From Dennis Patton:
Personally I look at life through the lens of “good news/bad news.” The good news is that we’re on the downside of winter. So far it has not been that harsh. But now the bad news: we still have about six to eight more weeks of winter that could turn cold, snowy, warm, or who knows what.
As a gardener the lengthening days starts my urge to get outside. On nicer winter days I find myself walking through the yard and starting the mental check list tasks that I can look forward to performing. Some people would call that work. Yes it could be considered work, but for me it is the best way I know to unload stress and clear my mind.
Pruning is often one of the first tasks that come to mind as spring gets closer. Over the years I have found that people are confused about the how’s and when’s of pruning. Right now the most important concern with pruning is to understand the proper timing. Once pruning time arrives the issue is becomes how to make the cuts. Let’s first take a look at proper pruning times.
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Deciduous shrub pruning
The correct time to prune shrubs is based on flowering habits. Shrubs produce flowers two ways. The first is referred to as “blooming on new growth” and the second is “blooms on old wood or growth.” Non-flowering shrubs are treated the same way as shrubs that bloom on new growth.
A new-growth flowering shrub simply means the flower buds are set on the wood or growth produced over the summer. As the plant grows, April throughout the summer, flowers are set on the new growth and then open. The best example is Rose of Sharon. Since these flower buds are set during the current season, pruning should take place in the early spring prior to producing new growth. Pruning would be accomplished in late March through very early May.
Shrubs that flower in late March through mid-May actually set their flower buds last summer. That means that the flowers are tucked inside this winter’s dormant buds. As new growth emerges the flowers will appear. Examples are forsythia, lilac and azaleas. Spring-flowering shrubs are best pruned within about four to six weeks of bloom time. That allows the development of new growth over the summer. Buds are then set before fall’s arrival. Pruning a spring-flowering shrub prior to flowering in the spring does not harm the shrub, but it does remove the beautiful flowers.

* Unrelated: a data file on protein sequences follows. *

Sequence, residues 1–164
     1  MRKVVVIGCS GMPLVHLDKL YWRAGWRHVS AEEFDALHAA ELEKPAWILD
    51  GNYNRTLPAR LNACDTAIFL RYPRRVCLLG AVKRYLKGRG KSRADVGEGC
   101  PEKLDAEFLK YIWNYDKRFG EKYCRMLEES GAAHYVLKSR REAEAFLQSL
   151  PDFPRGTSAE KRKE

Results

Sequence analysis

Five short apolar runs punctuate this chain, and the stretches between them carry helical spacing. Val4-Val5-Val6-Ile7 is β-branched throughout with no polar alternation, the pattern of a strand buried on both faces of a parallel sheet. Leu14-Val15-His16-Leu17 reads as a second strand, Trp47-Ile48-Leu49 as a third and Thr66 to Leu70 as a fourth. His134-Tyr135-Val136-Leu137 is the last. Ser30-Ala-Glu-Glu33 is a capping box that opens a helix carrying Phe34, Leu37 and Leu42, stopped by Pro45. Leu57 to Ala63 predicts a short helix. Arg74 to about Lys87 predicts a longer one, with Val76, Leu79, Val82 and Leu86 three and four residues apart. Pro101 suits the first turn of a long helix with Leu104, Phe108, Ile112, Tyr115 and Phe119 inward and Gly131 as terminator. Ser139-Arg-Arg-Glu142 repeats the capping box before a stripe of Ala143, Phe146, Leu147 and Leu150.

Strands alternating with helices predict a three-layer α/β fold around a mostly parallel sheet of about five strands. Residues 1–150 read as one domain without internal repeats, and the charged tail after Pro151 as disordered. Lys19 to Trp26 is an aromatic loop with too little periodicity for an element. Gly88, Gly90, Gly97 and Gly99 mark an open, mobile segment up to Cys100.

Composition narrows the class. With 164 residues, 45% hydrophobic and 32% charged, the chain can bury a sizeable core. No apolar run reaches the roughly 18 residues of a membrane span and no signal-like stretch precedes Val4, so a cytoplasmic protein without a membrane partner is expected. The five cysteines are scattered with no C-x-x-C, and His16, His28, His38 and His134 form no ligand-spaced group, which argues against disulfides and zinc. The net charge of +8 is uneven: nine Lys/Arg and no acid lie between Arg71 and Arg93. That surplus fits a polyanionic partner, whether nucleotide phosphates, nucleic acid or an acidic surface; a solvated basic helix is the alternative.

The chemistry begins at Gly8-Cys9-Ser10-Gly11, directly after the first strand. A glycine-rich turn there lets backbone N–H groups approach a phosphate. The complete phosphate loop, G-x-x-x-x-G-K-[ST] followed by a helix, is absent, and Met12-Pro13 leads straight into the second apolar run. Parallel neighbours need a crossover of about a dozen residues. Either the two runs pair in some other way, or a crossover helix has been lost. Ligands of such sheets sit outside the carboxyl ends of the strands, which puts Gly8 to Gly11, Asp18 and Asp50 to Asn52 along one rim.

Trees are pruned slightly earlier in the season, from late February through April. The ideal time to prune trees is prior to bud break. The lack of foliage allows the structure to be exposed, making it easier to see what pruning issues need to be corrected. Keep in mind that follow up pruning can be done throughout the season to remove dead, broken or hazardous limbs. Pruning during late winter through early spring is desired because this is just before a period of rapid growth. The wound resulting from the cut will begin to seal, or heal, over quickly.
For a video on pruning fruit trees, click here.
Evergreen trees and shrubs
Evergreen pruning is more complicated. Evergreens that produce several growth spurts during the spring and summer are best pruned either just before the new growth emerges or just after. The time frame is late March through mid-May. Examples of evergreens in this class would be juniper, yews and boxwood.
Evergreens that develop new growth only once in the spring are pruned after the new growth is produced. The pruning should be finished by the end of June. This includes spruce and pine. The amount of pruning is limited to cutting back about halfway into the new growth.
The good news is you now have the information required to know when to prune. The bad news? Many of you don’t feel confident in making the cuts. Don’t worry. There is time to figure out the pruning how-to’s. And we’ll be discussing that later down the road.